Call me crazy, but in light of the “dialogue on mental illness” that is supposedly sweeping the country incited by the Newtown school shootings and the fractured family depicted in Silver Linings Playbook, how can FOX justify its new serial killer-cum-cult drama, The Following? Do the producers deserve a pass for this ill-timed, graphically violent show if they bookend every commercial with “Viewer discretion is advised”? I think not.
The Following is a virtual “playbook” for any social misfit, sociopath or psychopath looking for validation, a niche or empowerment.
Why did I tune in to begin with? I’m a Kevin Bacon fan and jump at the chance to see him perform in anything. And I’m no prude. If you’ve followed my blog, you won’t be surprised to learn that I’m eagerly awaiting Season 3 of The Killing. I miss the creepy 666 Park Avenue, and never miss my nightly fix of The Sopranos, currently re-airing weeknights on HBO. For me, the latter still stands as the most outstanding series ever conceived, cast, written, directed, scored and acted in cable or broadcast TV history. Its exploration of dysfunctional family life, marriage, women’s roles, mental illness, drug and alcohol abuse, and, of course, crime and punishment transcends its professed focus on Jersey Goodfellas. If you think The Sopranos is passé, try following an episode of The Sopranos with an hour of Revenge, Elementary or Deception, and see what that gets you. Pass the Pepto.
But back to The Following. Unlike The Sopranos, where violence and revenge played out (i.e., conflict resolution?) within the mob subculture, and The Killing explored the psychological fall-out from one young woman’s murder, The Following knows no such bounds. Its psychology is sophomoric and its violence is inspired by the life and work of Edgar Allen Poe, at least that’s the line espoused by charismatic lit professor/serial killer Joe Carroll (James Purefoy) to the cult building up around him. Professor Carroll not only talks the talk but also continues to walk the walk from his prison cell via the Internet by encouraging his “followers” to slaughter innocent victims (i.e., especially beautiful young women) as a pathway to artistic nirvana.
Knives are their weapons of choice and victims’ eyes are favorite targets, again with a nod to Poe. Unfortunately for humankind, Joe’s brief escape from prison—he was incarcerated for the brutal killing and evisceration of campus coeds—simply fanned the fires in the bellies of his acolytes. It should come as no surprise that Joe attracts young, disenfranchised loners marginalized by their families, society and mental illness.
Add to this mix former FBI agent Ryan Hardy (Kevin Bacon) who was instrumental in capturing Joe eight years before the dawn of this series. In the process, Ryan fell for Joe’s wife and probably fathered the son Joe believed to be his own. After the collar, Ryan spun into a tailspin with booze and a pacemaker to patch his wounded (Tell-Tale?) heart. He’s a train wreck whom Joe targets and casts within a Poe and revenge-fueled drama orchestrated from prison.
Aside from dragging Edgar Allen Poe’s good name and work into the gutter, this series is especially irresponsible coming so soon after the carnage in Newtown and Aurora, Colorado, and the numerous other mass shootings by young, psychopathic loners. So far, The Following has explicitly showcased a particularly gruesome array of murders that include torture, evisceration, eye-gouging and, unfortunately for Ryan’s pacemaker, stun-gunning.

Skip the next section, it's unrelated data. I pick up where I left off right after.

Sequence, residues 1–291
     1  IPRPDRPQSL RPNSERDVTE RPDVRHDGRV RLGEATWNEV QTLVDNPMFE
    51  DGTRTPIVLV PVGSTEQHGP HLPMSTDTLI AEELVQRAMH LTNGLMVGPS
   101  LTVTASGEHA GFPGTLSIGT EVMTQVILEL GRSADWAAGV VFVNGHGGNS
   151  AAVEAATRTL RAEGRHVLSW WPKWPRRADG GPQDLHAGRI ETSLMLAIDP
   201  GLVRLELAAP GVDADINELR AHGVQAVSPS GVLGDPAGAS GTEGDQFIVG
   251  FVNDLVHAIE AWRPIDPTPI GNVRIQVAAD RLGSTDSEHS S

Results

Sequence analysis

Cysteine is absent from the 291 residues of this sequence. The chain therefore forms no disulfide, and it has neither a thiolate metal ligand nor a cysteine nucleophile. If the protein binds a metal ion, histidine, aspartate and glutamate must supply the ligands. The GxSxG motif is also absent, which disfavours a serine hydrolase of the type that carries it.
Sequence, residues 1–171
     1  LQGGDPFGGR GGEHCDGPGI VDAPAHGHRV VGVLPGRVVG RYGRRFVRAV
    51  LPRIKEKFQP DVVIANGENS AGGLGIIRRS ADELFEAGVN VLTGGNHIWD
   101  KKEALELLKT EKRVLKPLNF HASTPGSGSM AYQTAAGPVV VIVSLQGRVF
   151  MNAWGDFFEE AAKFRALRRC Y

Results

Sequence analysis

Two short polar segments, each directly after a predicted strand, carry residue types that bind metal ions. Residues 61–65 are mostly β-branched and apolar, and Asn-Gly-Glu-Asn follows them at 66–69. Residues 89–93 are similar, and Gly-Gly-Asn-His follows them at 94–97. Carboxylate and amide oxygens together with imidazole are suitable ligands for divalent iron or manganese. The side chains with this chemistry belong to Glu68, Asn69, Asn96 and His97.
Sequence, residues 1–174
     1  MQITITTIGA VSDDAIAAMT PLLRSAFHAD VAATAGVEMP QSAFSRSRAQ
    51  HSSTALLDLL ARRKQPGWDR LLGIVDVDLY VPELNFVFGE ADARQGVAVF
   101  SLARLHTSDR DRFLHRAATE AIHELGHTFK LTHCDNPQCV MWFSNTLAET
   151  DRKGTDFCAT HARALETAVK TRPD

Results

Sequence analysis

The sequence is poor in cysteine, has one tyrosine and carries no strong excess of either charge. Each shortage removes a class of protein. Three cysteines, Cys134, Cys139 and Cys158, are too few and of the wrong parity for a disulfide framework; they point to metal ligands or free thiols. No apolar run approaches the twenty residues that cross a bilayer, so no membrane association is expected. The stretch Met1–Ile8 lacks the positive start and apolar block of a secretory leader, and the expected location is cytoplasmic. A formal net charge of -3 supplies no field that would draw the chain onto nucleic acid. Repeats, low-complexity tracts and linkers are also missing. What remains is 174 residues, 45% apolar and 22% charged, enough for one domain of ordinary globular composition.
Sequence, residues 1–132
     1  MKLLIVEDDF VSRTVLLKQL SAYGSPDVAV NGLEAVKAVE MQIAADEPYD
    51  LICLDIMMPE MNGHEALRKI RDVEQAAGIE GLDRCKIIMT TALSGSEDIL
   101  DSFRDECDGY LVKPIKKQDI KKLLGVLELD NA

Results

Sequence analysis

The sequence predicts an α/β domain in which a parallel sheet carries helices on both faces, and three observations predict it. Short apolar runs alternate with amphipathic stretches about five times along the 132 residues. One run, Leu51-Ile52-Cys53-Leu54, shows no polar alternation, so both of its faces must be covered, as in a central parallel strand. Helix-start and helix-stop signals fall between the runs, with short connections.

Despite healing her physical and psychic wounds, Joe’s only surviving victim eventually meets a gory end as do the stolen pet dogs that are cut up alive for practice by an ardent follower. Isolated and confused, Joe’s young son is encouraged to smother a mouse in an airtight jar. And another young acolyte is bullied and humiliated by fellow followers into tackling his first knifing. Luckily for the victim—who has been kidnapped, beaten and held hostage for sport in the basement of their hide-out—the first-timer chickens out.
One of Joe’s most disturbed followers dons an Edgar Allen Poe costume and entertains passersby as a street poet. He ends his “act” by dousing an unsuspecting book critic (he panned Joe’s book!) with a large can of flammable liquid, setting him ablaze in front of a horrified crowd of onlookers. The victim was simply waiting in line to buy a hot dog from a street vendor. And if you failed to catch this disgusting act the first time around, fear not… this bone-chilling sequence has been repeated (a visual feast for potential copycats?) from several angles in flashbacks and episode updates.
In short, “the brains” behind The Following have shown incredibly poor judgment and timing. Aside from lacking any discernible empathy for the cult’s victims, the producers seem oblivious to the show’s real-time parallels and potential appeal to copycats. While evidence pinpointing the actual effect of violent media on troubled youth is inconclusive, wouldn’t common sense dictate that The Following, such as it is, has no place on broadcast TV during primetime now or forever more.
It’s one thing to pay to get your periodic slice-and-dice film fix in a movie theatre, on DVD or Netflix; but to find it so uncomfortably accessible week in and week out at a disturbingly early hour? Shame on you, FOX! Kevin Bacon and his “followers” deserve better.
The Following unfortunately airs on Monday nights at 9:00 p.m. on FOX. It is definitely not child friendly; nor is it animal friendly, family friendly, coed friendly or Edgar Allen Poe friendly.—Judith Trojan
Really, you must learn not to hold back so much.
I did hold back! I didn’t mention the commercials on this show, which invariably feature coming attractions for violent action films and fast food.